No further proof is necessary to show that Bishop-still not widely known beyond literary circles at the time of her death in 1979-has, posthumously in the last three decades, become one of America's most popular 20th-century poets, but this hefty and handsome volume from the Library of America certainly clinches the deal. Between its covers one can find most of the perfectionist author's oeuvre, more than enough to confirm Bishop as a master at revealing the complexity of simple, often painful things ("I said to myself: three days/ and you'll be seven years old./ I was saying it to stop/ the sensation of falling off the round, turning world/ into cold, blue-black space./ But I felt: you are an I, you are an Elizabeth"). All the poems gathered in the now-classic Collected Poemsare here, as are the unpublished drafts released in 2006's controversial Edgar Allen Poe and the Jukebox. The memoir and fiction pieces of Collected Proseare also reprinted, along with a few other pieces of scattered nonfiction, as well as a generous selection of Bishop's enthralling letters. Bishop's work is deeply compassionate and necessary reading, and now almost all of it can be found in one place. (Feb)Copyright 2007 Reed Business Information
Elizabeth Bishop: Poems, Prose and Lettersby Elizabeth Bishop
James Merrill described Elizabeth Bishop's poems as "more wryly radiant, more touching, more unaffectedly intelligent than any written in our lifetime" and called her "our greatest national treasure." Robert Lowell said, "I enjoy her poems more than anybody else's." Long before a wider public was aware of Bishop's work, her
Robert Giroux and Lloyd Schwartz, editors
James Merrill described Elizabeth Bishop's poems as "more wryly radiant, more touching, more unaffectedly intelligent than any written in our lifetime" and called her "our greatest national treasure." Robert Lowell said, "I enjoy her poems more than anybody else's." Long before a wider public was aware of Bishop's work, her fellow poets expressed astonished admiration of her formal rigor, fiercely observant eye, emotional intimacy, and sometimes eccentric flights of imagination. Today she is recognized as one of America's great poets of the 20th century. This unprecedented collection offers a full-scale presentation of a writer of startling originality, at once passionate and reticent, adventurous and perfectionist. It presents all the poetry that Bishop published in her lifetime, in such classic volumes as North & South, A Cold Spring, Questions of Travel, and Geography III. In addition it contains an extensive selection of un_published poems and drafts of poems (several not previously collected), as well as all her published poetic translations, ranging from a chorus from Aristophanes' The Birds to versions of Brazilian sambas.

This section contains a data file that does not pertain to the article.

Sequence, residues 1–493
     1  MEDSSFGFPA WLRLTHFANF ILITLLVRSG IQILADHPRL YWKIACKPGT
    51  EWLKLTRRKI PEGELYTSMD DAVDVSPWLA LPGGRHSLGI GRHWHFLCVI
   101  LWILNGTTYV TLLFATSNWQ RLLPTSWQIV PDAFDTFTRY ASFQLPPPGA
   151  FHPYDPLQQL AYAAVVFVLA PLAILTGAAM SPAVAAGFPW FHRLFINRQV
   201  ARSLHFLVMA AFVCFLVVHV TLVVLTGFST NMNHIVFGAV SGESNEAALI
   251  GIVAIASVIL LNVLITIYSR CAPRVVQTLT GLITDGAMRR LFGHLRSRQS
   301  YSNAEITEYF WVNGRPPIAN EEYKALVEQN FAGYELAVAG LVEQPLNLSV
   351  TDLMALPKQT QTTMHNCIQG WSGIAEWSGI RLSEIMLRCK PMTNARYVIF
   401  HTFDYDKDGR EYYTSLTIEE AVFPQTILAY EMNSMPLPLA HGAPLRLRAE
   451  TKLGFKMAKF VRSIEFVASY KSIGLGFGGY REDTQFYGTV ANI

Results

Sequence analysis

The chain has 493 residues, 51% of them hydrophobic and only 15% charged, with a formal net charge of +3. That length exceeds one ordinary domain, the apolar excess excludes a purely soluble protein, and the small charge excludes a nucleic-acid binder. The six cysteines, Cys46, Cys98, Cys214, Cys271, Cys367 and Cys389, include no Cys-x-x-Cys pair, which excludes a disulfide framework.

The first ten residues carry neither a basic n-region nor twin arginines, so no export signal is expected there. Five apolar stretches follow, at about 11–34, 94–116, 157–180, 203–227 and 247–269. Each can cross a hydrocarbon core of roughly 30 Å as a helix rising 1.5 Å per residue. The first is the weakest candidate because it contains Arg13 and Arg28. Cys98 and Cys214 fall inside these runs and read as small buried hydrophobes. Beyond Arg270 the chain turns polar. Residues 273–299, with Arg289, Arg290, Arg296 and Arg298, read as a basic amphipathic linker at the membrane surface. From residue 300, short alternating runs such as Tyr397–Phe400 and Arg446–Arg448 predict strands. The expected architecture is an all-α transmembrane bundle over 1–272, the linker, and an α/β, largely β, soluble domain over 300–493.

Poems, Prose, and Letters brings together as well most of her published prose writings, including stories; reminiscences; travel writing about the places (Nova Scotia, Florida, Brazil) that so profoundly marked her poetry; and literary essays and statements, including a number of pieces published here for the first time. The book is rounded out with a selection of Bishop's irresistibly engaging and self-revelatory letters. Of the 53 letters included here, written between 1933 and 1979, a considerable number are printed for the first time, and all are presented in their entirety. Their recipients include Robert Lowell, Marianne Moore, Randall Jarrell, Anne Stevenson, May Swenson, and Carlos Drummond de Andrade.
This mammoth volume sports all of Bishop's published works as well as many unpublished poems along with translations, correspondence, travel writing, literary essays, and more. An entire Bishop library between two covers for a reasonable price.
Meet the Author
ROBERT GIROUX, co-editor, was chairman of the editorial board of Farrar, Straus and Giroux and Elizabeth Bishop's longtime editor. He edited her Collected Prose (1984) and One Art (1994), her selected letters.
LLOYD SCHWARTZ, co-editor, is Frederick S. Troy Professor of English at the University of Massachusetts, Boston, classical music editor of The Boston Phoenix, and a regular reviewer for NPR's Fresh Air. In 1994 he was awarded the Pulitzer Prize for Criticism. His most recent poetry collection is Cairo Traffic.
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